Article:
Introduction

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Etter, M.A. 1995. 1995 Minnesota loggerhead shrike survey. Report submitted to the Nongame Wildlife Program, Minnesota Department of Natural Resources. 19+ pp.

Introduction:

The Loggerhead Shrike (Lanius ludovicianus) historically bred throughout the United States, southern Canada, and northern Mexico. Declines in Loggerhead populations have been recorded in all areas of the birds breeding range (Peterjohn and Sauer 1994, Yosef 1994). The most severe declines have occurred in the Midwest and in New England, where the species has been virtually extirpated. In Minnesota, it is considered a threatened species (Coffin, B. and Pfanmuller, L. 1988). It breeds in southern and western Minnesota between April and September but is not present during the winter. Anecdotal evidence suggests that densities of Loggerhead Shrikes were considerably higher early in the century. (Table 1, Roberts 1937).

Several hypotheses have been proposed for the decline of Loggerhead Shrikes. For this report I will simply list them and elaborate only on those hypotheses which I will later relate to results of this study. Those presented here are adapted from recent papers by Yosef (1994) and by Yosef and Lohrer (1995).

  1. Low reproductive success (but see Brooks 1988)
  2. Loss of breeding habitat, including removal of fencelines which serve as observation perches and nest sites.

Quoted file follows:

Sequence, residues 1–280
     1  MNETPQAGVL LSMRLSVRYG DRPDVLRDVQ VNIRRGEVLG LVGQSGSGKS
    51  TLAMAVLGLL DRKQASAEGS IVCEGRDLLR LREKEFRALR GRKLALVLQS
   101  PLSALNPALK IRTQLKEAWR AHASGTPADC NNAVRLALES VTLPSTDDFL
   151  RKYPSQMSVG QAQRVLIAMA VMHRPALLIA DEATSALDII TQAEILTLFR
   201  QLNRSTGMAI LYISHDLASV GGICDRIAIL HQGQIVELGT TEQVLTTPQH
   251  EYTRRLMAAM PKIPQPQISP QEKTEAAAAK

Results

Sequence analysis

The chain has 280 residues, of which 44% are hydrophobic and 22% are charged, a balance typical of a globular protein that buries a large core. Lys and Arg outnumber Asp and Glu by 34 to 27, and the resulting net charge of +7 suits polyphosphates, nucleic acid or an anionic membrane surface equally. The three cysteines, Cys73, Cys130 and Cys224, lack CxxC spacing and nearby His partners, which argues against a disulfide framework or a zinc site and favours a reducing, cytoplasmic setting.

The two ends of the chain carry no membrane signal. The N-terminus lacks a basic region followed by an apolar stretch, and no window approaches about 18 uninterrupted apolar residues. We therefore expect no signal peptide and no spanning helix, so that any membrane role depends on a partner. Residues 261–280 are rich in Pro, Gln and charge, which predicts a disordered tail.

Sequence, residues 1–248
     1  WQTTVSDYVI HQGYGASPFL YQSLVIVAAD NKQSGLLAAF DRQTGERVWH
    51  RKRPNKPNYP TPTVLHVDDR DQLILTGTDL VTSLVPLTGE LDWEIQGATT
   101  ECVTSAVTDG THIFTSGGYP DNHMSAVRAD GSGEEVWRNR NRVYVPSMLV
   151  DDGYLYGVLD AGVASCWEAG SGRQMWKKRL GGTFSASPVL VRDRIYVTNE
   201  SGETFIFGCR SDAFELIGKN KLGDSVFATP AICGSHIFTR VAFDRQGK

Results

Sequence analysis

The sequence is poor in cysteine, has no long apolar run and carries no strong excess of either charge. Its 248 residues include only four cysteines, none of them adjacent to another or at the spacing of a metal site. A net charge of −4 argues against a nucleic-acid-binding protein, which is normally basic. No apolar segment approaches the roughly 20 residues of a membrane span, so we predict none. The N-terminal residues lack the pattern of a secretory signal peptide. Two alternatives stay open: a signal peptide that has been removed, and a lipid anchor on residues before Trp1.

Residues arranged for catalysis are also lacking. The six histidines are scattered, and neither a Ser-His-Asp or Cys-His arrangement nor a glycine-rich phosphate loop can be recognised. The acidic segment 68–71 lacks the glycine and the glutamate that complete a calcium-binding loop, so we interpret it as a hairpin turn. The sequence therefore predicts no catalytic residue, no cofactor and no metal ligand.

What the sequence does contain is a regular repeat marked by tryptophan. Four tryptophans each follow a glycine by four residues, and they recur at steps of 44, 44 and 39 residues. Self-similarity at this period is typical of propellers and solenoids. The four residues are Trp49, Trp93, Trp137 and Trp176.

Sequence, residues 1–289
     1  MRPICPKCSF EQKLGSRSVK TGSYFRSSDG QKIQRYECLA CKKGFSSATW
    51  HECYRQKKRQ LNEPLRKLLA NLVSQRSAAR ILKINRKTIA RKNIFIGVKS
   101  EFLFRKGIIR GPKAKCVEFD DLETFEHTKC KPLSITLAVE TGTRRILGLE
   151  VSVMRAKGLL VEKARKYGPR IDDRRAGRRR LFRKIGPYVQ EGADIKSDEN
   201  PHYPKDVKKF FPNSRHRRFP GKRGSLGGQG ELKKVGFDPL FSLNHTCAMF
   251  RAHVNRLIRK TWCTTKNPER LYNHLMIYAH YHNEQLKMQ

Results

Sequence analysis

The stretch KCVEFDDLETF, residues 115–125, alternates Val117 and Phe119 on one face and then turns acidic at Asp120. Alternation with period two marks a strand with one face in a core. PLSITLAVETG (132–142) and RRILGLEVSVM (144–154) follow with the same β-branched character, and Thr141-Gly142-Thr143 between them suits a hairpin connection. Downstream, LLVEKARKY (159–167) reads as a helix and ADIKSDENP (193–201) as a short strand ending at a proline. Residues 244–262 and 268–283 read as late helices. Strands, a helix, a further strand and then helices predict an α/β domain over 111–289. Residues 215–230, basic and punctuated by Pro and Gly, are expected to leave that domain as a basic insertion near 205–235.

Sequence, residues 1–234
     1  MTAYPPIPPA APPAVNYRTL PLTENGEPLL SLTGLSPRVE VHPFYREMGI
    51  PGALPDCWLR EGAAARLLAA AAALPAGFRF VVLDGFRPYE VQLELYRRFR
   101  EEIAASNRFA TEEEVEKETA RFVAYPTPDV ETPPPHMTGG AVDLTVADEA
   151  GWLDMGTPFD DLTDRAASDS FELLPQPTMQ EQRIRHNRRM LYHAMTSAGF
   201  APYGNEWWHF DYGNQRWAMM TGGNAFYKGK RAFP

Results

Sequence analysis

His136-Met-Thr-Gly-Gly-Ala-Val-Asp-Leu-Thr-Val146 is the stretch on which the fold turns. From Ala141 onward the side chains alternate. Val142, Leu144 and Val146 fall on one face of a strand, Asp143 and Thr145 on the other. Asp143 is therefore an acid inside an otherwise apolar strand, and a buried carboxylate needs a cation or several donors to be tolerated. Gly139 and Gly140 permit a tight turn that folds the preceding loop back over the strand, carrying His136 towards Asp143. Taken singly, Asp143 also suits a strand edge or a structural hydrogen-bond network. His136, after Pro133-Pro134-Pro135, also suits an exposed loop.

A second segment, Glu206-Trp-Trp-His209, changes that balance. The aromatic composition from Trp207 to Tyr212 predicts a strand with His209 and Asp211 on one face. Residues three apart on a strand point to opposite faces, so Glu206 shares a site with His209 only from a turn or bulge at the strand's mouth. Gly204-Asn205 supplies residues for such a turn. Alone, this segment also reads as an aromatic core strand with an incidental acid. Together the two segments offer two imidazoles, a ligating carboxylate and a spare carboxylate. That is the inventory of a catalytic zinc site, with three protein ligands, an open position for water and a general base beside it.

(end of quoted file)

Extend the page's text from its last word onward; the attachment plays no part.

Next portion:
3. Reduced survival on winter range
  4. Pesticide ingestion
  5. Inclement weather during nesting cycle
  6. Disease
  7. Interspecific competition
  8. Collisions with cars.

The most comprehensive study of Loggerhead Shrikes in Minnesota was done by Bonnie Brooks for her Master's project "The breeding distribution, population dynamics, and habitat availability and suitability of an upper midwest Loggerhead Shrike population." between 1986 1987. She studied three fundamental aspects of the biology of Loggerhead Shrikes in Minnesota. First, she carried out a survey of breeding shrikes in 12 counties. In 1986 she found 32 nests and classified an additional 5 cases as likely nesting, though the nest was never found. In 1987 she found 27 nests. In both years nests were monitored and clutch size, hatching success and fledging success were recorded. Her results showed high overall fledging and hatching success (72% and 76% respectively) (Brooks 1988).

The second aspect of Bonnie Brooks' study was to build a population projection model parameterized by the results of nest monitoring from 1986 and 1987 and using male return rate (47%) as an estimator of adult survival. The results of this model suggested that the Minnesota population was not stable, and predicted a 20% annual decline in population size (Brooks 1988).

Finally, Ms. Brooks used quantitative methods to measure habitat availability for Loggerhead Shrikes in Minnesota. Her results showed that, while shrike habitat may be limited, there is more habitat available in Minnesota than there are breeding Loggerhead Shrikes to occupy it (Brooks 1988). For a more complete discussion of these results, please refer to the original documents.

Ms. Brooks' study was expanded into an annual monitoring program for the MN DNR. Her methods were reproduced in subsequent years to monitor the breeding population of Loggerheads in Minnesota. That monitoring program has continued, with some modifications of methods, until the present.

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